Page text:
This fall in GDP growth rate had been a second to a similar dip during the fourth quarter of 2009, which is why the nation feared the possibility of a “double-dip recession” (Breadun, O’Brien & O’Brien, 2010). “Keynesian style stimulus package” Keynes had mainly emphasized upon the implementation of demand triggering policies for an economic boost. However, a positive shift in aggregate demand is least possible when an economy follows a stringent budget regime as the case had been for the Irish economy. In fact, a stringent budget policy is one of the reasons why the economy could not surpass over its recessionary phase successfully that tended a come-back within a short span. This is one of the reasons, why “Irish trade unions have stated that the previous austerity budgets have failed” and hence, have proposed that a “Keynesian style stimulus package” be followed. The Keynesian model of equilibrium proposed the following identity to equate aggregate national income, Y, with components of aggregate demand as follow – Y ? C (Y – T) + I + G + (X – M(Y)) Where, Y = National Income, T = Aggregate tax being paid. Hence, (Y – T) = Disposable Income C = Consumption Expenditure, I = Investment Expenditure, G = Government Expenditure, X = Aggregate Export Revenues M = Aggregate Imports Thus, four ways through which a stimulus package could be constructed to ensure an economic boost are as follows – Firstly, Keynes had advised a stimulus to be provided to the investors of the economy so that they should come forward and venture investment projects which could help in creating employment opportunities and thus, boost consumption demand through positively affecting the production of...
• Firstly, Keynes had advised a stimulus to be provided to the investors of the economy so that they should come forward and venture investment projects which could help in creating employment opportunities and thus, boost consumption demand through positively affecting the production of output.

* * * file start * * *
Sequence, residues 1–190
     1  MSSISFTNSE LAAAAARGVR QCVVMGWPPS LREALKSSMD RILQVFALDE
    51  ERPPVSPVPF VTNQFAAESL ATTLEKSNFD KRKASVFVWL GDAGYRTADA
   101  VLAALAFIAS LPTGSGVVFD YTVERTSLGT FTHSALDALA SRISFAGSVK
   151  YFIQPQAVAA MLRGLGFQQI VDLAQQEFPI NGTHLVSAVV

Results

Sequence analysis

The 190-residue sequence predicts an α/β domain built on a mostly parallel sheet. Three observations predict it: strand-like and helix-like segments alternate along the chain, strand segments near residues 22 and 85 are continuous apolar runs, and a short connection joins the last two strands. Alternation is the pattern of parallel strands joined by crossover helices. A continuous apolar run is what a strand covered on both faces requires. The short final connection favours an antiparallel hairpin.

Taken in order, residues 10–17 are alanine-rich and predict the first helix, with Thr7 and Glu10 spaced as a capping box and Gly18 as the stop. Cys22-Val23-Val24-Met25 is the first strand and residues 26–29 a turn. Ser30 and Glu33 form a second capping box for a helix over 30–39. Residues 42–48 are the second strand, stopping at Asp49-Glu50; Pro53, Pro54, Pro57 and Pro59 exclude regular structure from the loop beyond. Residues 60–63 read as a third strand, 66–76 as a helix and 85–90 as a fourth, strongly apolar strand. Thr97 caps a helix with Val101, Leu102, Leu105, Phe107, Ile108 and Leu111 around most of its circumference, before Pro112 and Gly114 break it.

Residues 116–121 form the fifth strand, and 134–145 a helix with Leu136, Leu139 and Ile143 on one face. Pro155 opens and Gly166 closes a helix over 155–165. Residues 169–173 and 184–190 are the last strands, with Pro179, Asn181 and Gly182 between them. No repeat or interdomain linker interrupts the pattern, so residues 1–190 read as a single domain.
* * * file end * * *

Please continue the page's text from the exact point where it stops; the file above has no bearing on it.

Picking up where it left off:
• Secondly, the government could actually make tax relaxations to motivate people to consume more as they will be left with larger disposable income volumes. Greater the disposable income is, higher will be the consumption expenditure of the people and thus, higher will be the income generation in the economy.
• Thirdly, the national government must not make deductions in its own expenses and rather boost them which could actually result to increases in the aggregate demand of the economy and thus, its income level. This is starkly in contrast to the measures adopted by the Irish government which is that of restricting its budget expenditures or rather constraining it more.
• Lastly, the national government could also make adjustments in its rate of exchange so as to positively influence the demand for exports and negatively affect import demands. For instance, an economy amidst a recession could choose to depreciate its domestic currency so that the foreigners find it more and more lucrative to increase their purchases from the country in question, while the domestic people are back off from importing from nations which have a dearer currency.